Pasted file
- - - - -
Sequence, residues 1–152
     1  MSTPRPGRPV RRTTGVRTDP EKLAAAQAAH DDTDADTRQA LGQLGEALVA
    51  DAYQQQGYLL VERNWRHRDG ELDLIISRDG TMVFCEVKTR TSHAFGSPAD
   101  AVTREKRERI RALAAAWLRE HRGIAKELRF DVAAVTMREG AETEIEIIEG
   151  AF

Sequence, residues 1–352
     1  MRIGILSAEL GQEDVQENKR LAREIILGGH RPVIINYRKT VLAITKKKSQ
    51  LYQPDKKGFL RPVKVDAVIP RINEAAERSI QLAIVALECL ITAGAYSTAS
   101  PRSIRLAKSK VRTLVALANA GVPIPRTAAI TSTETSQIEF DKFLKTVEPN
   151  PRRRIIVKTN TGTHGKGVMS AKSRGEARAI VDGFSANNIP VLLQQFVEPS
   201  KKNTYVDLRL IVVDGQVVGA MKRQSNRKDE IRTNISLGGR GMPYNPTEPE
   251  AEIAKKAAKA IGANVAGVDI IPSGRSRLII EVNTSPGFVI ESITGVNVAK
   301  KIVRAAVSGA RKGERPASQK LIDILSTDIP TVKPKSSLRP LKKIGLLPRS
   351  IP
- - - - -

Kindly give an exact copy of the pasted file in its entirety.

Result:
Sequence, residues 1–152
     1  MSTPRPGRPV RRTTGVRTDP EKLAAAQAAH DDTDADTRQA LGQLGEALVA
    51  DAYQQQGYLL VERNWRHRDG ELDLIISRDG TMVFCEVKTR TSHAFGSPAD
   101  AVTREKRERI RALAAAWLRE HRGIAKELRF DVAAVTMREG AETEIEIIEG
   151  AF

Sequence, residues 1–352
     1  MRIGILSAEL GQEDVQENKR LAREIILGGH RPVIINYRKT VLAITKKKSQ
    51  LYQPDKKGFL RPVKVDAVIP RINEAAERSI QLAIVALECL ITAGAYSTAS
   101  PRSIRLAKSK VRTLVALANA GVPIPRTAAI TSTETSQIEF DKFLKTVEPN
   151  PRRRIIVKTN TGTHGKGVMS AKSRGEARAI VDGFSANNIP VLLQQFVEPS
   201  KKNTYVDLRL IVVDGQVVGA MKRQSNRKDE IRTNISLGGR GMPYNPTEPE
   251  AEIAKKAAKA IGANVAGVDI IPSGRSRLII EVNTSPGFVI ESITGVNVAK
   301  KIVRAAVSGA RKGERPASQK LIDILSTDIP TVKPKSSLRP LKKIGLLPRS
   351  IP